On American Indian Languages


I went through an interesting exercise recently……exploring rare languages, the status on them, interest level and of the ones left that I am consciously aware of, what is their potential lifespan?

I grew up in upstate New York (Richard Russo territory) and have always been fascinated by the heritage of the Mohawk Indians and the Iroquoian culture and language. I never knew about Mingo however, which is an Iroquoian language native to the areas of western Pennsylvania, eastern Ohio and West Virginia. Like so many like it, Mingo is a seriously endangered language, with very few native speakers remaining.

Source: Mingolanguage.org

Check out this interesting chart (its a tad out of date), but it is a fascinating list of percentages of the population that speak American Indian languages in their homes. Cherokee has many dialects for example and one of them alone (Tsalagi, an Iriquois language) claims 22,000 speakers.

While learning a language with a large number of speakers (Spanish, Chinese) becomes a smart career decision as we choose language classes in schools (most Americans skip the choice rather than embrace it — because there isn’t enough of a compelling need to…..), don’t you find it odd (and sad) that Americans know SO little about native American Indian languages and culture?

Renee Blodgett
Renee Blodgett is the founder of We Blog the World. The site combines the magic of an online culture and travel magazine with a global blog network and has contributors from every continent in the world. Having lived in 10 countries and explored nearly 80, she is an avid traveler, and a lover, observer and participant in cultural diversity.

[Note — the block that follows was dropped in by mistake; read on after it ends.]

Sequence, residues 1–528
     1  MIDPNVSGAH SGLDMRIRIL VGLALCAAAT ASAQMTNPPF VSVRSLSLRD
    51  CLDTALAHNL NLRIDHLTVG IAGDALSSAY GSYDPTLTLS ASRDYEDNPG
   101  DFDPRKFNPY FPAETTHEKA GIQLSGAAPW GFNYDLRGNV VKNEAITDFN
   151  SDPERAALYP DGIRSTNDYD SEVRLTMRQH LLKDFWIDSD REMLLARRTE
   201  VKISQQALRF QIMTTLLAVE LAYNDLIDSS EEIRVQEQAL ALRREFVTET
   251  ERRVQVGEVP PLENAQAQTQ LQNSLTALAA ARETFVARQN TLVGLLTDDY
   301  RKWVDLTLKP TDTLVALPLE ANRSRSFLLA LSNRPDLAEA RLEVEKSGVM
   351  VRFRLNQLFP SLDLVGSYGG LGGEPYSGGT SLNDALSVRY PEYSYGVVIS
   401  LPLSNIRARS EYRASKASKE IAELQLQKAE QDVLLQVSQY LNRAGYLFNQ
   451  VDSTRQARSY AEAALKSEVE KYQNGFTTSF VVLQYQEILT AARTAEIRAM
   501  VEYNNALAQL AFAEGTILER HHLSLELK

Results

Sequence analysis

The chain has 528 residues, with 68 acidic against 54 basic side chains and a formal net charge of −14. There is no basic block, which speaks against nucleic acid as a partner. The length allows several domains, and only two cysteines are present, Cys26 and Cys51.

She is also the CEO and founder of Magic Sauce Media, a new media services consultancy focused on viral marketing, social media, branding, events and PR. For over 20 years, she has helped companies from 12 countries get traction in the market. Known for her global and organic approach to product and corporate launches, Renee practices what she pitches and as an active user of social media, she helps clients navigate digital waters from around the world. Renee has been blogging for over 16 years and regularly writes on her personal blog Down the Avenue, Huffington Post, BlogHer, We Blog the World and other sites. She was ranked #12 Social Media Influencer by Forbes Magazine and is listed as a new media influencer and game changer on various sites and books on the new media revolution. In 2013, she was listed as the 6th most influential woman in social media by Forbes Magazine on a Top 20 List.

Her passion for art, storytelling and photography led to the launch of Magic Sauce Photography, which is a visual extension of her writing, the result of which has led to producing six photo books: Galapagos Islands, London, South Africa, Rome, Urbanization and Ecuador.

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